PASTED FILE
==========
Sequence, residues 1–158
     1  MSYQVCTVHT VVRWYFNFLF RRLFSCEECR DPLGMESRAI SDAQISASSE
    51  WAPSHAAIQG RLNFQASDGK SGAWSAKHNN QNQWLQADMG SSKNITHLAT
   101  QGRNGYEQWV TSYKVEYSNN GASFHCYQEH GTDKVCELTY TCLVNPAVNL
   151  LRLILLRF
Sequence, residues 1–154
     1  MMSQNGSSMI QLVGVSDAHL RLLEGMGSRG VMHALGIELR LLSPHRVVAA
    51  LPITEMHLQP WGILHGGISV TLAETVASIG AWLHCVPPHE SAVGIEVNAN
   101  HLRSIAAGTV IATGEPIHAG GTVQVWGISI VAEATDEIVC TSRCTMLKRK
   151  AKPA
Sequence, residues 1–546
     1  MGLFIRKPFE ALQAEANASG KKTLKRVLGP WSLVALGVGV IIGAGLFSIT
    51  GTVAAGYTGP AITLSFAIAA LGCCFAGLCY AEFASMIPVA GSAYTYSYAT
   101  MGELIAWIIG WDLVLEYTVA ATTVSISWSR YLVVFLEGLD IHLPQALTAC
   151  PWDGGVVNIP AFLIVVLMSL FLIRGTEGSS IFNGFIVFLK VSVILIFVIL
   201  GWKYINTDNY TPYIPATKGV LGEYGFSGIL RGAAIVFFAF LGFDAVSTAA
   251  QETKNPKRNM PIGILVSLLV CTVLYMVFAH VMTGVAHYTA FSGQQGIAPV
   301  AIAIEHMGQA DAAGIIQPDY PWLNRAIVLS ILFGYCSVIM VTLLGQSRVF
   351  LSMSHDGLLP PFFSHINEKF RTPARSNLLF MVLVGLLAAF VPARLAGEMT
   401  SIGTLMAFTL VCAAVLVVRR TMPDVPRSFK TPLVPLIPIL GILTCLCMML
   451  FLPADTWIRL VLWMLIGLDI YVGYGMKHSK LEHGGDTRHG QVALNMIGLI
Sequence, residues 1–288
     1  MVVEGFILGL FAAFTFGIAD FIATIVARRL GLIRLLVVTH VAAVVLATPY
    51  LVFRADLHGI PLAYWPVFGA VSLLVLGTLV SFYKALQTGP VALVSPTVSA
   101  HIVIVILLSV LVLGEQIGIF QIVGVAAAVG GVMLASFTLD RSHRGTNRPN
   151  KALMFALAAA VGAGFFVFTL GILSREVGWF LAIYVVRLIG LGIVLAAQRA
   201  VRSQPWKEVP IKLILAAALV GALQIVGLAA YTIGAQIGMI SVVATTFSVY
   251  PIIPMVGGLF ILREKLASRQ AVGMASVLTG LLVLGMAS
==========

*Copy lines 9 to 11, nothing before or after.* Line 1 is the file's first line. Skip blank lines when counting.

   101  HLRSIAAGTV IATGEPIHAG GTVQVWGISI VAEATDEIVC TSRCTMLKRK
   151  AKPA
Sequence, residues 1–546